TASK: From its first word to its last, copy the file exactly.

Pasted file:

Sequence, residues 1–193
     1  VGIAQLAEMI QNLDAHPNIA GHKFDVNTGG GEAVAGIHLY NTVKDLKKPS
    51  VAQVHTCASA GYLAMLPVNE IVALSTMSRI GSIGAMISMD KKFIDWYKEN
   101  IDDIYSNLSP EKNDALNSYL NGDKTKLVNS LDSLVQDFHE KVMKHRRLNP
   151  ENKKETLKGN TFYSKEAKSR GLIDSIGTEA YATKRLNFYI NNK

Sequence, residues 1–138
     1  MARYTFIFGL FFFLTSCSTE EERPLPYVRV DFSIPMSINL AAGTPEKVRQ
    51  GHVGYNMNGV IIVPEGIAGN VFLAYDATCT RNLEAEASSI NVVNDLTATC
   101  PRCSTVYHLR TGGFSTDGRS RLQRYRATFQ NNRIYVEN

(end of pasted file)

Sequence, residues 1–193
     1  VGIAQLAEMI QNLDAHPNIA GHKFDVNTGG GEAVAGIHLY NTVKDLKKPS
    51  VAQVHTCASA GYLAMLPVNE IVALSTMSRI GSIGAMISMD KKFIDWYKEN
   101  IDDIYSNLSP EKNDALNSYL NGDKTKLVNS LDSLVQDFHE KVMKHRRLNP
   151  ENKKETLKGN TFYSKEAKSR GLIDSIGTEA YATKRLNFYI NNK

Sequence, residues 1–138
     1  MARYTFIFGL FFFLTSCSTE EERPLPYVRV DFSIPMSINL AAGTPEKVRQ
    51  GHVGYNMNGV IIVPEGIAGN VFLAYDATCT RNLEAEASSI NVVNDLTATC
   101  PRCSTVYHLR TGGFSTDGRS RLQRYRATFQ NNRIYVEN